I've never much liked the state's cannabis program.
It is, boiled down, an attempt to prove that the government can do better than the free market. There are too few pot shops and growers for too many customers, which has led to high prices, both for recreational users and imbibers with cancer, multiple sclerosis, chronic pain and any number of other conditions said to be eased by marijuana consumption. It's one thing to charge $65 for an eighth-ounce when selling to a stoner, but seems quite another when Grandma is long on chemo and short on dough.
Legislators have promised that this will sort itself out. In the meantime, four dozen or so dispensaries were open statewide as of May. The state had promised 75 new dispensary licenses this spring, but issued none, blaming coronavirus for holding up the process. Cultivators haven't kept up with demand, and the state isn't supposed to issue new grower licenses until July – let's hope coronavirus doesn't eat the paperwork.
There has, however, been plenty of money. That's to be expected when the state gives near-monopolies to drug dealers granted anonymity by legislators who exempted ownership information from the Freedom of Information Act when legalizing weed businesses, an alleged oversight that lawmakers promised to fix but have not. Money isn't necessarily a bad thing, even if you're not Toi Hutchison, the erstwhile politician who sponsored the pot bill, then jumped from the state Senate, where she was paid $66,000 per year, to a position as the state's so-called pot czar at an annual salary of $220,000, more than the governor makes, for a position that, well...why do we need a pot czar, really?
The rest of us are supposed to get ours, also, and so 25% of cannabis tax revenue – an estimated $31.5 million statewide – is due for programs aimed at helping communities that have been disproportionately impacted by the war on drugs. The state has broken down such communities by census tract and further granted "high need" status to tracts deemed to have suffered the most. Springfield has 10 high-need tracts, including seven that are east of 11th Street.
The city council seems unaware of this. Last week, Ward 3 Ald. Doris Turner told colleagues that she's been doing some research and discovered that letters of intent are due on July 6 and grant applications on July 20. She asked for permission to work with the mayor's office to land state money. The mayor said yes, mentioning the Rev. Jerry Doss and Calvin Pitts, a contractor who hires disadvantaged people. "I'm excited, I'm excited, I'm excited!" Turner exclaimed. "Let's get this letter in. Let's do it."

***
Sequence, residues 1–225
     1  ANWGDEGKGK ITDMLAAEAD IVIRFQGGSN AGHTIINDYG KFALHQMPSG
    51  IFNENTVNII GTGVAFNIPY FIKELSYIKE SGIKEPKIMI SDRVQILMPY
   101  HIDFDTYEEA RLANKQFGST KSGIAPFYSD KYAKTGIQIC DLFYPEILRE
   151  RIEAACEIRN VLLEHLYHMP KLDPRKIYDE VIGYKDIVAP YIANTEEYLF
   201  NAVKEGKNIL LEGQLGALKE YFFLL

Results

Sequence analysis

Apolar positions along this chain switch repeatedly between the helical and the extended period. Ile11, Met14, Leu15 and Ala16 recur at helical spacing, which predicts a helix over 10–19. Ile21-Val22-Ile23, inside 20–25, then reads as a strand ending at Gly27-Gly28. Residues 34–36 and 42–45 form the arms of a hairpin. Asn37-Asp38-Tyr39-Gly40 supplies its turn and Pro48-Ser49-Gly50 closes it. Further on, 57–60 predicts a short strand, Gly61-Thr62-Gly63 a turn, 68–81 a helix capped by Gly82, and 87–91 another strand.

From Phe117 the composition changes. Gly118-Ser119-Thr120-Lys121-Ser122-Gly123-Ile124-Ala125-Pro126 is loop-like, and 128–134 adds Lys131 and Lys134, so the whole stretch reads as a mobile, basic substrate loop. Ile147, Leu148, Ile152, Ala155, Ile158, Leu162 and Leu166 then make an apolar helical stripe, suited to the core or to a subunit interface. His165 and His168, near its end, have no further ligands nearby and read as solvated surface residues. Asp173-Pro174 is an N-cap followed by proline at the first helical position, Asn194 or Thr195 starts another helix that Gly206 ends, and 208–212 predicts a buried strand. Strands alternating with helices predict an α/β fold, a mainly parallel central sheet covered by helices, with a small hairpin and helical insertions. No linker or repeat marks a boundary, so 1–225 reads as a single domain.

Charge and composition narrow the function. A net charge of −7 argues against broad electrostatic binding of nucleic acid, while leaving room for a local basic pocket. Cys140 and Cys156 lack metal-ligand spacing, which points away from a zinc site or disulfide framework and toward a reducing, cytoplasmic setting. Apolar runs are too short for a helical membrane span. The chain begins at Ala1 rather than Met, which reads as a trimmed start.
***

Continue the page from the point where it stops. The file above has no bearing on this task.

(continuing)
As much as $728,000 is available for projects in each of the city's 10 high-need census tracts. Municipalities as well as churches, neighborhood associations and private nonprofits can apply. Possibilities appear vast: Outside Springfield, police departments have shown interest. Turner tells me that she wants economic development projects, but she wasn't more specific. She also said that she supports multiple grant applications to land money for multiple projects.
I couldn't reach Doss, whose Abundant Faith church provides housing for the underprivileged. Pitts, the contractor, confirms that he's in on the plan, but, with grant applications due in less than a month, details are a bit nebulous. The idea is to teach construction skills and put folks to work remodeling properties and perhaps building new stuff, he says. Maybe 20 construction projects could be tackled, Pitts figures, with as many as 80 people getting jobs.
This sounds fine, but I wonder whether we could do more. Three of Springfield's high-need areas, as designated by the state, are west of 11th Street and so would receive extra consideration when the state decides where money goes. Why not revive the Center for Health and Housing, a proposed homeless shelter that imploded last year because it was planned for the wrong place, an African-American neighborhood that already had its share of not-in-my-backyard social service establishments?
It could be a beautiful thing. Backers last year tried selling the proposed homeless center as a community asset, a place with all kinds of services that would include a health clinic that could help neighbors. Imagine such a place being built west of 11th Street with the help of crews supervised by Pitts.
Unfortunately, it is difficult to imagine, given that grant applications are due in less than a month and we've barely gotten started – council members Andrew Proctor and Kristin DiCenso, whose wards include high-need tracts outside the east side, say that they weren't aware of available cannabis grants until last week. The mayor hasn't unveiled a credible plan for the homeless since last year's proposal fizzled.
But money isn't going away. The state predicts that grant money will quadruple in coming years as people keep buying pot and the state starts allowing more businesses to grow and sell it. Let's take advantage.
Contact Bruce Rushton at firstname.lastname@example.org.